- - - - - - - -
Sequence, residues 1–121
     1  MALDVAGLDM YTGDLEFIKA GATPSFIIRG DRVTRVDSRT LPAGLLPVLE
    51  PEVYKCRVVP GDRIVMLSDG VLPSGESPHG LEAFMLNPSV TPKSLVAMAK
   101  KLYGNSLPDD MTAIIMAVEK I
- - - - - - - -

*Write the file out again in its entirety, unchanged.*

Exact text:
Sequence, residues 1–121
     1  MALDVAGLDM YTGDLEFIKA GATPSFIIRG DRVTRVDSRT LPAGLLPVLE
    51  PEVYKCRVVP GDRIVMLSDG VLPSGESPHG LEAFMLNPSV TPKSLVAMAK
   101  KLYGNSLPDD MTAIIMAVEK I